Abby Huntsman was ready to debate Whoopi Goldberg on ‘The View’ — she grew up debating her father

(Photo courtesy Lorenzo Bevilaqua/ABC) Whoopi Goldberg and Abby Huntsman work side-by-side on “The View.”

Abby Huntsman has been training for her new role on “The View” her entire life. She is, after all, the daughter of former Utah Gov. Jon M. Huntsman Jr., now the U.S. ambassador to Russia.

“I grew up debating with my dad,” Huntsman said by phone from New York. “My dad and I have such similar personalities, and we’d go at it. We’d fight and we would debate things all my growing-up years. We still do that to this day.”

Which prepared her to sit next to Whoopi Goldberg on the “View” panel Monday-Friday (10 a.m., ABC/Channel 4). Huntsman joined the show in the first week of September.

Not infrequently, “The View” has made headlines when conflicts between panelists have gotten out of hand or have gotten personal. While she acknowledges that conflict is part of the formula of the daytime talk show, Huntsman sees that as a positive.

“You debate to learn from each other,” she said. “We can disagree, and sometimes it can get heated. Sometimes it can be funny. Sometimes you can get emotional. You never know quite what's going to happen any given day.

“But that's really a fun part of the job.”

According to Huntsman, the “View” panelists “really do get along” — which is not to say they don’t disagree.

“Sometimes in the morning meetings, it can get heated because you’re debating the stories you want to do that day and you can be on different sides. Sometimes I wish people could hear our morning meetings, and sometimes I’m really glad they don’t,” she said with a laugh.

“When we’re together backstage, it’s been so easy, honestly. From day one, they’ve all wanted me to do well, because they want the show to do well. … Honestly, it feels like a family.”

‘I’m just being me’

What watchers of “The View” are learning is that Abby Huntsman is not the right-wing ideologue they may have believed. Yes, her most recent job was anchoring the weekend edition of “Fox & Friends” on the Fox News Channel, but before that she worked at MSNBC and the Huffington Post.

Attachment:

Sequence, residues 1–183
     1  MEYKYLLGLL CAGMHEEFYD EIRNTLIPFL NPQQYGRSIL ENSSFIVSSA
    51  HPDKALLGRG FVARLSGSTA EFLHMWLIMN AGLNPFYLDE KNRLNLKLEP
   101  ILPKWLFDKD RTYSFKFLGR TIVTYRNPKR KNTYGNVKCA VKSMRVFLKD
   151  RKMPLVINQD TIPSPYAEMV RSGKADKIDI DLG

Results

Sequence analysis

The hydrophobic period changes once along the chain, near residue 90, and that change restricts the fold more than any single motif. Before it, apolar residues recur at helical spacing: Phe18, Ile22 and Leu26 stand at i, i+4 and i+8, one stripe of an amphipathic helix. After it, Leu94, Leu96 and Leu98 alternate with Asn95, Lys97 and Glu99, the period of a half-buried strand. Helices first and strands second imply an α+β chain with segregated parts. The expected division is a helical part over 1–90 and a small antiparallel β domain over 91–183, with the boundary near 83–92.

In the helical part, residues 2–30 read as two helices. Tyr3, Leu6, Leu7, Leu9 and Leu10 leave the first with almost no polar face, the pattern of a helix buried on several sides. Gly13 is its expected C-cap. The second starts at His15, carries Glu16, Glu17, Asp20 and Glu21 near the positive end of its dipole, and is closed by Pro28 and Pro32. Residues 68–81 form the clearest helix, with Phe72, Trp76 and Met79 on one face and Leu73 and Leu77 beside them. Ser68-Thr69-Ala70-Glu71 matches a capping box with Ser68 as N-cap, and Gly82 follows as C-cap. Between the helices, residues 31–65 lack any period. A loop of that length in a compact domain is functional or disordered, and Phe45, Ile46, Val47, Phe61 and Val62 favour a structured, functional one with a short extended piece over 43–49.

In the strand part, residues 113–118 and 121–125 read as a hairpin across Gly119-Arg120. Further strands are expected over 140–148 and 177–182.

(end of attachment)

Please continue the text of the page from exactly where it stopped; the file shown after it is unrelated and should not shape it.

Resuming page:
“I’m someone that is a pretty moderate person politically,” she said. “I might be more conservative than some of the panelists on the show, but you never quite know where I might fall.

“In time, people will find — I’m just being me. And I think what makes the show so great is there is that room for all these different opinions and different personalities and different backgrounds.”

She’s certainly not afraid to criticize Donald Trump or to express conservative views unpopular with fellow panelists and the studio audience.

“If I say something [and] no one on the show agrees with me or the audience isn’t really on my side, as long as I believe in it, I’m fine,” she said. “I can sit there and not get applause or not have anyone nod their head with me. That’s OK.”

Huntsman said she’s always been a fan of Goldberg, called her “a legend” and said, “She teaches me something every single day.”

It might seem like an odd pairing — the sometimes stridently liberal Goldberg and Huntsman, one of two (with Meghan McCain) designated conservatives on “The View.”

The differences came out immediately on Huntsman’s first week as she argued that NFL players kneeling during the national anthem were “disrespectful,” and Goldberg replied that “the flag doesn’t cover everyone the same way.”

Huntsman said Goldberg brings her life experience to the show.

“When she’s talking about kneeling or whatever the issue is, it’s coming from a genuine place. A passion. Things that she’s seen in her own life,” she said. “So, honestly, the more I’ve gotten to know Whoopi, the more impressed I am — if that’s even possible — with her heart and who she is and what she brings to that show every day.”

‘Remind people of the sanity’

Huntsman said she’s striving to emulate Goldberg by bringing her own kind of “authenticity” that “you don’t always see on television.”

That approach matches the counsel she’s gotten from her father.

“‘You’ve got to go be Abby,’ he said. ‘You are a happy person. Remind people of the sanity in this world,’” she said.

With her father living in Moscow, “it’s tough because it’s Russia and everything’s recorded. You can only say so much on the phone,” Huntsman said. “He’s busy, but he’s watched a number of the clips that I’ve sent him.

“And he’s honestly been so proud of me all these years. He said, ‘You know what? Don’t ever let me tell you how to be or what to say. Do you. Don’t feel pressure to speak for any group or family or political party.’ He’s been really big on that.